My E3 Athlon 3000+ can do about 1.125V at stock speeds just fine and probably far less with underclocking. I think there's plenty of overhead as long as you're not pushing the mhz too high. I currently run at 2.24ghz at 1.225v and I that gives me about a .05v cushion for stability over my lowest tested voltage. I've noticed some pretty big thermal differences myself, I can never get over 40-42C at full load with my current voltage/ambient temps and stock would definitely go around 50C.

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PostPosted: Thu Apr 06, 2006 11:20 am 
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Hifriday wrote:
After all that work I'm sure you're just glad to have finished. But if you are willing to consider adding more CPUs to the list, I believe fellow SPCRers including myself would be willing to pay for the purchase of certain CPUs for testing and have SPCR send them to us after you've finished.

Mike, if you would like to borrow my E6 Sempron 64 2500+, I'd be happy to send it to you. Let me know.


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 Post subject: Re: Desktop CPU Power Survey, April 2006
PostPosted: Thu Apr 06, 2006 11:26 am 
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Mike, this is an awesome article and I love how much data is presented regarding the power consumption and large effects of undervolting and/or underclocking on power usage. I'm sure you spent far too much time on this and you have our thanks for doing so!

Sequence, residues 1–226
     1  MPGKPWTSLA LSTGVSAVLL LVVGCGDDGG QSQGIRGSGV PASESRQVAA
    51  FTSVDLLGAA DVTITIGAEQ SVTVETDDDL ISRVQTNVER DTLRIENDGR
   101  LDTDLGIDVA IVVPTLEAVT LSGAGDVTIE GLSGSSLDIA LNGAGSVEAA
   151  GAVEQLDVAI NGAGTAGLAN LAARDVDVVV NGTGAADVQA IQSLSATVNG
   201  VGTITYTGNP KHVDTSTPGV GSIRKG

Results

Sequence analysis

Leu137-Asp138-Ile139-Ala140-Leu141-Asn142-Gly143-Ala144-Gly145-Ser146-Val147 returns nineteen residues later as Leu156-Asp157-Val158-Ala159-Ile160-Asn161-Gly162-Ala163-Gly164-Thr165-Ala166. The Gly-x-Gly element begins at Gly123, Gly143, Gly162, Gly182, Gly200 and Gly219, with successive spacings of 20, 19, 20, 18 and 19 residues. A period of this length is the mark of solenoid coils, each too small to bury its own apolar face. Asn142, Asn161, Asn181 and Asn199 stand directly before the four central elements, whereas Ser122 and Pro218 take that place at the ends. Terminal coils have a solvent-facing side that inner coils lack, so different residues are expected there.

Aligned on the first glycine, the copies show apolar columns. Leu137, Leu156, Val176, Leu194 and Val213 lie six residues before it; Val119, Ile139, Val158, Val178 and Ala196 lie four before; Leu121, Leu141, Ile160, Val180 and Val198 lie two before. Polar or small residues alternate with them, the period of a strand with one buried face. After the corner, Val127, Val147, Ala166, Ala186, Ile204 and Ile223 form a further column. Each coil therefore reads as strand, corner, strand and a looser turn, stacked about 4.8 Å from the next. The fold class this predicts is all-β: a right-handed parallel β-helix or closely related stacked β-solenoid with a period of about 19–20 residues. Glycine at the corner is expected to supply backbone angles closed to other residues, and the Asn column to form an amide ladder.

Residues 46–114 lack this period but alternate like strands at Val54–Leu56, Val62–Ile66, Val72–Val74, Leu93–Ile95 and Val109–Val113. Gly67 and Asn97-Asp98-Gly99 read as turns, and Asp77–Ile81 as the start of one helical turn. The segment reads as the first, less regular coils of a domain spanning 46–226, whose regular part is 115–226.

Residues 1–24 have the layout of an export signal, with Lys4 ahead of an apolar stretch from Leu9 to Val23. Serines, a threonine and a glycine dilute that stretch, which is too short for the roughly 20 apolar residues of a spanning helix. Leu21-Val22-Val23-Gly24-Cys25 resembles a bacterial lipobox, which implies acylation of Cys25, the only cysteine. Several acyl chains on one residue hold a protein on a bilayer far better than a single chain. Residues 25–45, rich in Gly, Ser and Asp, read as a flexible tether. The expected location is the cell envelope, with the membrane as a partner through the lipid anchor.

Personally I think there's a few things that could make this into one of the best articles ever made. The first thing would be having a few more examples of intel's mobile processors and at least one example of the lower power MT-series Turions. I'd love to know if there's any noticeable difference in the MT-series vs the ML-series when clocked at the same speeds/voltage. Since they weren't able to be incorporated into the original article due to a lack of the processors it seems, perhaps this would be a nice article to have updates on just like your recommendations lists. I'd love to be able to refer my friends to this and let them know their best options for low power when I help them build their computers.

Also I feel like efficiency is directly related to performance. None of us would obviously want a 2 watt 486 processor, even if it is the lowest power chip out of everything. The article is pretty good at matching up the amd processors against intel ones for performance purposes, however it doesn't really show a comparison/contrast in terms of what performance gains or losses would be tied into choosing a Turion 64 over an Athlon 64.